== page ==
Vivian Li and Kimberly Villacorta are the incoming presidents of the Nursing Undergraduate Society (NUS) and Graduate Nurses Student Society (GNSS) respectively. Both students are very excited to be transitioning into a leadership role among their peers and have unique aspirations for what their presidency will have in store for their specific student cohorts.
For Li, the idea of even considering the role of NUS president was a bit out of her comfort zone, but during her first year in the BScN program she joined NUS and ended up elected Vice-President, where she met a lot of diverse, talented and smart people who she says had great ideas about nursing education, and also about the ways in which the student society could have a positive impact.
“My peers and their positive outlook are what really spurred me to consider the role of president, and I think my overarching goal this year will be to help foster that kind of social engagement among our cohort, and help students feel a sense of community,” says Li.
Similarly, for Villacorta, the decision to pursue the presidency of GNSS was driven by her desire to foster a stronger sense of community among graduate nursing students. Having already completed her BScN degree at Bloomberg Nursing and having also been elected president of NUS at that time, she felt a deep connection to the faculty and wanted to nurture her engagement through student leadership.
“I honestly love Bloomberg Nursing and U of T so much, there are so many resources available to us as nursing students. I’ve also always been involved with student council, because I like how it brings people together. Community is very important to me, making people feel included and feel like they want to come to school, can make a huge difference in the lives of students,” says Villacorta.
Both student leaders recognize the impact of the pandemic on student engagement and are determined to revitalize a sense of community. Villacorta aims to organize events that cater to both in-person and online participation, acknowledging the challenges faced by those in a mostly online graduate program.
“It’s been hard to engage people, everyone is busy, especially graduate students, but we are hopeful that this year we will be able to have events where students can interact more with each other, but also explore opportunities for events that work well virtually, instead of making everything hybrid,” says Villacorta.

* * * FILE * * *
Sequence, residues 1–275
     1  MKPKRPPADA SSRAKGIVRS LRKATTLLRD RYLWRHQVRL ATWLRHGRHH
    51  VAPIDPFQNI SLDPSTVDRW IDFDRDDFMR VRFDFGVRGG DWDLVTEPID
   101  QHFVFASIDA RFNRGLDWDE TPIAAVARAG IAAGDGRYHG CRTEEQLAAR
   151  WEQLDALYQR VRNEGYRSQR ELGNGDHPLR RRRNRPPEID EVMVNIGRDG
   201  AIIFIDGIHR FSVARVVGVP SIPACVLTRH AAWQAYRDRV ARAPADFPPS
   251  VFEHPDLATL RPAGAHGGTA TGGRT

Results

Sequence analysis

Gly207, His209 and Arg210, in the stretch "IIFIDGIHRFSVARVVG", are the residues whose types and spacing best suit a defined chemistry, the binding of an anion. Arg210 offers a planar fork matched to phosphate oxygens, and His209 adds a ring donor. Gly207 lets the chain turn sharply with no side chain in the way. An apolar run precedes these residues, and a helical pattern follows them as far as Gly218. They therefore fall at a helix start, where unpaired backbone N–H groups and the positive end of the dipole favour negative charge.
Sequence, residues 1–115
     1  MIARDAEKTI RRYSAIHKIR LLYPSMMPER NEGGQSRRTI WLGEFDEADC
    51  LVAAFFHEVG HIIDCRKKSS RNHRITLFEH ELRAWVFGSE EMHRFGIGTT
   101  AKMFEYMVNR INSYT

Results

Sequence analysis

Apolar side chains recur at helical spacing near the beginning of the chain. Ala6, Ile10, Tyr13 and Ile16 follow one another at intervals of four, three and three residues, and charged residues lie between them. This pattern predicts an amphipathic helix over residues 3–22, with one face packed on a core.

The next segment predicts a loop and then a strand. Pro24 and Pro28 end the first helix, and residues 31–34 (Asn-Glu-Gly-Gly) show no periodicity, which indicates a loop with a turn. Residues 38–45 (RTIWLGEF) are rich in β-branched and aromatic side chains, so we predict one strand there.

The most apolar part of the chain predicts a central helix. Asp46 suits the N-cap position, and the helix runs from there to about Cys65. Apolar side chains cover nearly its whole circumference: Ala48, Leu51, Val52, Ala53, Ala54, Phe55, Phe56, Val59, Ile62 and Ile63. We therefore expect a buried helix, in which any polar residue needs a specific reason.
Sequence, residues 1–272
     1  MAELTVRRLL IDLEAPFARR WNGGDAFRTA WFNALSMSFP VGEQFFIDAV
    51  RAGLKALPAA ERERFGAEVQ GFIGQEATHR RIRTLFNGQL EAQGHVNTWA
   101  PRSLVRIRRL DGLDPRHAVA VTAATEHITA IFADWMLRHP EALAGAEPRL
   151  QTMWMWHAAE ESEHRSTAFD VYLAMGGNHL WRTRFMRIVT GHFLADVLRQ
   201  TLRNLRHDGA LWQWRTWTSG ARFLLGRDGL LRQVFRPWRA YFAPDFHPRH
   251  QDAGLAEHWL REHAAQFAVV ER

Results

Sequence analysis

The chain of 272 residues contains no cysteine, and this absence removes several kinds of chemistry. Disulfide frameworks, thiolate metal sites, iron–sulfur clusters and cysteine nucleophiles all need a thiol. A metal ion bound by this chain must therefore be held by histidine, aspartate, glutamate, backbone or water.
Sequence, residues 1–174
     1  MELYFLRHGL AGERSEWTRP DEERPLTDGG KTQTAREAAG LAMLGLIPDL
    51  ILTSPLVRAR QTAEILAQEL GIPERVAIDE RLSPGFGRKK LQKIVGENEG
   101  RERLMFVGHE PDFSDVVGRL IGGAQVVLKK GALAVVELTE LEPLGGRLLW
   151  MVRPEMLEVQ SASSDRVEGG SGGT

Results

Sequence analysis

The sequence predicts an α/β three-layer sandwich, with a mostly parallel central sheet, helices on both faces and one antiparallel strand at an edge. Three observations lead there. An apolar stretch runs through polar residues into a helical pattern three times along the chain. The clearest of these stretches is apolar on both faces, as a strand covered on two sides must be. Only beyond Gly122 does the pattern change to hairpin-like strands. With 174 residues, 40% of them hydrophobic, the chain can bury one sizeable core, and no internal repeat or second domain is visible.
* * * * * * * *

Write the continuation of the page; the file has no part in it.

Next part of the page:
Li is focused on promoting a variety of events that cater to the diverse interests of nursing students. She also believes that by emphasizing wellness and highlighting the resources available to students, her peers will feel more connected and engaged within the program.
Both Li and Villacorta are looking forward to the possibility of planning events in partnership between both student societies, and leveraging the unique opportunities for connection between the undergraduate and graduate programs, particularly in regards to mentorship and networking.
Reflecting on their journeys into nursing, both Li and Villacorta express deep passion for the profession, and both have chosen nursing because of the opportunity it provides to make a difference in people’s lives.
For Villacorta it is why as a Master of Nursing student, she has her sights set on becoming a nurse practitioner (NP) and advocating for equity and access to healthcare.
For Li she is looking forward to engaging with diverse patient populations and building meaningful relationships with patients. She is actively seeking to improve patient outcomes through cultural sensitivity and awareness.
Both students envision a future where nurses as a pivotal health care provider, see their profession evolving for the better. Their shared commitment to fostering a sense of community, promoting engagement, and advocating for the nursing profession will undoubtedly leave a lasting impact on their peers, faculty, and the future of nursing.